Between 2017 and 2019, three presidentially appointed committees were created to lay the foundation of UR’s work towards inclusive excellence: the President’s Advisory Committee for Making Excellence Inclusive; the Interim Coordinating Council for Thriving, Inclusion, Diversity and Equity; and the Presidential Commission for University History and Identity. In late 2018, consultants commissioned by UR collected data on how to make UR a more inclusive institution under the pillars of “thriving, inclusion, diversity, and equity” to better support students of color. Administration then strategized accordingly, as evidenced by the Making Excellence Inclusive Report.
Yet around the same time as the release of the Making Excellence Inclusive report, UR decided to restructure the Race and Racism Project it often boasts as evidence of its progress. The restructuring of the project, which called for a general shift in focus toward integrating the project into classes and other campus structures, at the end of the pilot phase happened with little student input and left the project without its main source of leadership, former project archivist Irina Rogova. After using this project as a talking point to boast about UR’s initiatives to promote inclusive excellence, UR administration undermined its work — and the visions of the student leaders behind it — by failing to center the students most involved in its work in the planning of the restructuring. More recently, a coalition of Black students called for the creation of an Africana studies department with a detailed and thoughtful proposal, yet there has been no outpouring of support and commitment to the department’s creation from the UR administration.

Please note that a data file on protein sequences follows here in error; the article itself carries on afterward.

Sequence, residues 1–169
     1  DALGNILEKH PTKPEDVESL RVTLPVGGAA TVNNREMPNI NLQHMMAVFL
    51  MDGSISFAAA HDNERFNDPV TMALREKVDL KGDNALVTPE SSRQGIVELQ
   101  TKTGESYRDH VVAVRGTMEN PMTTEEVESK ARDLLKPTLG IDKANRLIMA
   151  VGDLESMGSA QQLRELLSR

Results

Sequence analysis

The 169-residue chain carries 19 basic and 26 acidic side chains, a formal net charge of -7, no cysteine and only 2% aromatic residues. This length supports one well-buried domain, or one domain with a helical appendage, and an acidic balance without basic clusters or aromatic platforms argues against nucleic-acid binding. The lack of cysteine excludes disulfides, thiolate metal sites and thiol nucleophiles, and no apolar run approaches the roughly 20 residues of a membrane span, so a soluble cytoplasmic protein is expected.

What good are these commissions and reports if they don’t inspire decisive action? UR constantly touts its efforts to advance diversity, equity and inclusion, but time and again the students who are the backbone of and most impacted by this work see UR fall far short of their visions and expectations. There is an ever-present need to rally around and listen to student leaders of color who are informed and passionate about creating change on this campus.
Black, Indigenous and other students of color have given tremendous amounts of time and labor through student activism to UR, and it is past time that they start receiving the world-class education that UR advertises and promises. We hope that this section will be a place where readers are not only informed about the perspectives of Black, Indigenous and other people of color at UR but gain insight into what the UR community might be able to do to improve it on both the individual and institutional level.
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Most importantly, we hope that students of color might find a sense of freedom and empowerment as their perspectives — which are too often marginalized — are amplified, highlighted and brought to the center.
Contact Notes from the Margins co-editor Shira Greer at email@example.com and Notes from the Margins co-editor Kristen Starks at firstname.lastname@example.org.